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Tuesday, October 11, 2011

China to Tax on Oil, Gas Resources Nationwide to Reduce Consumption

This should have been done long time ago.
Natural resources belong to all Chinese citizens.
The tax collected should benefit all, not just a few.

China will extend a value-based tax on sales of oil and natural gas nationwide starting next month to help save energy in the world’s fastest-growing major economy and boost local government revenues to develop inland provinces.

The oil and gas tax, ranging from 5 to 10 percent of sales, will be levied on both domestic producers and joint ventures with overseas companies, the Ministry of Finance said in a statement today. China will impose a value-based tax on other commodities when the time is right, it said.

China, which currently levies the tax based on volume, rolled out a 5 percent tax on oil and gas sales in Xinjiang on a trial basis in June last year to help fund development of the western province. The new regulation may crimp the earnings of companies including PetroChina Co. and China Petroleum & Chemical Corp. (600028), known as Sinopec.

“The tax change will slash our earnings forecast for PetroChina and Sinopec by 2 percent in 2011 and 11 percent in 2012,” Anna Yu, a Hong Kong-based energy analyst with ICBC International Research Ltd., said by telephone.

PetroChina fell 1.7 percent to close at HK$9.02 in Hong Kong trading, while Sinopec declined 1 percent to HK$7.09. The benchmark Hang Seng Index gained 2.4 percent.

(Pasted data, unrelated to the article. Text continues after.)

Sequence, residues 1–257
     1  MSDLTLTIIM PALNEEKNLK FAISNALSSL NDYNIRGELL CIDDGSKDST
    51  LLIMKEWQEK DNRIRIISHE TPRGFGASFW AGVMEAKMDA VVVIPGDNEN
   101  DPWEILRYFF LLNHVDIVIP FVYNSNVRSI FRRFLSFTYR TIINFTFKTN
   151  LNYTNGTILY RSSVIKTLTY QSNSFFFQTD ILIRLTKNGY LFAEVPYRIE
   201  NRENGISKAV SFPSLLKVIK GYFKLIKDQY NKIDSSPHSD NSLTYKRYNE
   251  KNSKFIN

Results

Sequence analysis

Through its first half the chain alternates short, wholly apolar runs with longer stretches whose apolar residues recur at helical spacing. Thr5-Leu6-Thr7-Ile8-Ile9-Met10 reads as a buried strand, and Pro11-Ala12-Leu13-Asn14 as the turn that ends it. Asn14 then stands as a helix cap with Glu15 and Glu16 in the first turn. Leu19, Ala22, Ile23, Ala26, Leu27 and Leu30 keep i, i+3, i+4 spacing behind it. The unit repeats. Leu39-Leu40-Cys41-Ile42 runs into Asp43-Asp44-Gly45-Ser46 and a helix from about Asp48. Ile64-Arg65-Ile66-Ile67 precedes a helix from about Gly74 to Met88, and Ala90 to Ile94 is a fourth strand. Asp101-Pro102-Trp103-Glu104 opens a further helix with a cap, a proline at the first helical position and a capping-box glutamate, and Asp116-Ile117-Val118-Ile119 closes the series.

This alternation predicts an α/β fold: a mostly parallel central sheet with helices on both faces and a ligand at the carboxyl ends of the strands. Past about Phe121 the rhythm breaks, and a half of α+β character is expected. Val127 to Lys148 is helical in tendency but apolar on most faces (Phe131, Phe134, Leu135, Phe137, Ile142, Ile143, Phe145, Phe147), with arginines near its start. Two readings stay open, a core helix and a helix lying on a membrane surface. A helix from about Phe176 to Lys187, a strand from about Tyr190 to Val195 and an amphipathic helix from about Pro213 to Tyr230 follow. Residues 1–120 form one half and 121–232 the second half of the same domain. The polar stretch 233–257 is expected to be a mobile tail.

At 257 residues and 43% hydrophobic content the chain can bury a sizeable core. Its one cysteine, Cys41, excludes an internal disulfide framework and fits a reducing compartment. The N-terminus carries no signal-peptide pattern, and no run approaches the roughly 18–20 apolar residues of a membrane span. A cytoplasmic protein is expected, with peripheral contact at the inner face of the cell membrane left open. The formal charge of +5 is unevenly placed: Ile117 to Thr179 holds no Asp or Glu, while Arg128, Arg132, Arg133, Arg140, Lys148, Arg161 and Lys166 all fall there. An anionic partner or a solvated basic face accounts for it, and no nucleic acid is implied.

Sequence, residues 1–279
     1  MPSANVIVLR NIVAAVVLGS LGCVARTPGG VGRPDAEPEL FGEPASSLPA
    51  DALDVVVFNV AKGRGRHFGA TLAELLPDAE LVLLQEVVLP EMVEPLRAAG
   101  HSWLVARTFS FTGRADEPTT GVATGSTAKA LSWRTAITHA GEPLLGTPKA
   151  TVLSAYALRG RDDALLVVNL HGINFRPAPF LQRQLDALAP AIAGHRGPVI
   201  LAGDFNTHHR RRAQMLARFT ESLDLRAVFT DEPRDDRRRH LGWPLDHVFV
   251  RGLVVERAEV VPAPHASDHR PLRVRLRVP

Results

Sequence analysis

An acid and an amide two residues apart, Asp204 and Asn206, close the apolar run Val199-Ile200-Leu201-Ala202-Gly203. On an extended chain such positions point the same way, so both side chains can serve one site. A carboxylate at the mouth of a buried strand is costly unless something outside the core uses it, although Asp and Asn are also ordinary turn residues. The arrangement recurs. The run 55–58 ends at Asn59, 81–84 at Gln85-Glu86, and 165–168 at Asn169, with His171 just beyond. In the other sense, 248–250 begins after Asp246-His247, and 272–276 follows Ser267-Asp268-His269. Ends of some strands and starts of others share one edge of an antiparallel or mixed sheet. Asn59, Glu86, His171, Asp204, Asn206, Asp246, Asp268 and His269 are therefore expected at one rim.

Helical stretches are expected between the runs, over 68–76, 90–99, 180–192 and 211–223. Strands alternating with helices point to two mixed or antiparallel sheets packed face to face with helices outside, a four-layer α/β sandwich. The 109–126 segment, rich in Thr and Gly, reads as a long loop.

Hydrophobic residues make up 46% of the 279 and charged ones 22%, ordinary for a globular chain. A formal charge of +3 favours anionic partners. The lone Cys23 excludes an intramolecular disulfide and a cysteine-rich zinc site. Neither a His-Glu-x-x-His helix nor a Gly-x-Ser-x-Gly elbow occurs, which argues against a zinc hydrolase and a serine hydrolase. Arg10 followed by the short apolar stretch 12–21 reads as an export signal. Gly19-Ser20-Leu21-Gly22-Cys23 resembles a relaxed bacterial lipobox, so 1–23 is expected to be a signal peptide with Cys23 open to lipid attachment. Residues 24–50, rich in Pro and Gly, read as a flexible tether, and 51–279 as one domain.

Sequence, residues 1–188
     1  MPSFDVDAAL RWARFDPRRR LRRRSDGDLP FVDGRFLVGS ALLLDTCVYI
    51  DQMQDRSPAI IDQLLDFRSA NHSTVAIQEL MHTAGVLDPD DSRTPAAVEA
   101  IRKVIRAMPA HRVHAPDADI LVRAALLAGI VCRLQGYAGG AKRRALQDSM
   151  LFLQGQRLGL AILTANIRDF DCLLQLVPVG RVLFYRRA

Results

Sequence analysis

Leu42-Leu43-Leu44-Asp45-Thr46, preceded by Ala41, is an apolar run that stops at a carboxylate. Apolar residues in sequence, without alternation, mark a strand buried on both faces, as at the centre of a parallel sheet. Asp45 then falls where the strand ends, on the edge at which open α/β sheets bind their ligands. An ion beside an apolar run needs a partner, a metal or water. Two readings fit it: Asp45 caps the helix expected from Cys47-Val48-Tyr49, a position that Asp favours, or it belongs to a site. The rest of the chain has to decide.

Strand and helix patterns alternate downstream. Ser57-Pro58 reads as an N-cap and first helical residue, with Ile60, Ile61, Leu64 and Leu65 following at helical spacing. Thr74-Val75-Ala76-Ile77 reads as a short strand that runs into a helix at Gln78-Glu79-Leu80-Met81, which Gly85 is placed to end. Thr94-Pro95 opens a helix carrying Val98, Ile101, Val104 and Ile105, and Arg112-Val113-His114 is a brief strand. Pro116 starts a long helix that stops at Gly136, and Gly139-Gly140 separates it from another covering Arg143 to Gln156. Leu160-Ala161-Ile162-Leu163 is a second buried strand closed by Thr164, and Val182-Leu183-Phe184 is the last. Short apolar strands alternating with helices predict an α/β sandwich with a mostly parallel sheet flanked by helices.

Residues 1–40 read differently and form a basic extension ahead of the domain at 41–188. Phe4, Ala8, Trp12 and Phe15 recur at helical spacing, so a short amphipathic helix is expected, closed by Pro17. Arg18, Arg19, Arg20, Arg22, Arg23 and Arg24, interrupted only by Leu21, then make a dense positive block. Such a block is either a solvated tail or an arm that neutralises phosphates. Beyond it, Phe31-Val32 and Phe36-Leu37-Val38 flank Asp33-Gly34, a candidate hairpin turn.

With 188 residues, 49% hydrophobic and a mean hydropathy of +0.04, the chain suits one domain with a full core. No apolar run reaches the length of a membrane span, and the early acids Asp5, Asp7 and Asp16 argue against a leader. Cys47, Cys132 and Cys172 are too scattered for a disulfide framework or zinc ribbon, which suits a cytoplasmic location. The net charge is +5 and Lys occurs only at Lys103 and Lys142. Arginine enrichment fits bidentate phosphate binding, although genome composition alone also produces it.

Cnooc Ltd. (883), China’s biggest offshore energy explorer, advanced 3.9 percent to HK$13.72, the highest since Sept. 16. Ventures with overseas partners account for 31 percent of the company’s projects, according to ICBC’s Yu.

“The impact on Cnooc should be non-material given the tax is replacing royalties that offshore explorers currently pay,” she said.
Funds for Development

The government is planning 23 projects in West China at a cost of 682.2 billion yuan ($107 billion), the National Development and Reform Commission, the country’s top economic planner, said last year. The projects include the construction of roads and railways, wind farms and a nuclear power plant.

“China will likely apply a 5 percent tax rate nationwide in the short term as they did in the western regions,” said Qiu Xiaofeng, an analyst at Beijing-based Galaxy Securities Co. “A 10 percent rate would be too heavy for oil and gas producers.”

China Shenhua Energy Co., the country’s biggest coal producer, was unchanged at HK$31, while China Coal Energy Co. surged 6.9 percent to HK$8.17.

“Tax levies on coal mining are still volume-based and Chinese listed coal miners currently pay taxes within today’s range,” Helen Lau, a Hong Kong-based analyst at UOB Kay Hian Ltd., said by telephone. “We don’t expect the government to change the tax to a value-based one in the short term as they did to oil and gas.”
Coal, Metals

On a volume basis, China will levy a tax of 8 to 20 yuan on every metric ton of coking coal sold and 0.3 to 5 yuan a ton for other coal grades starting next month, the government said yesterday, without stating current tax rates.

The tax on coking coal is 8 yuan a ton at present and 0.3 to 5 yuan a ton for other coal grades, according to ICBC’s Yu.

Starting in November, the levy on iron ore sales will be 2 to 30 yuan a ton, the tax on rare-earth minerals 0.4 to 60 yuan a ton, and the rate on nonferrous metal ore 0.4 to 30 yuan a ton, according to the government.

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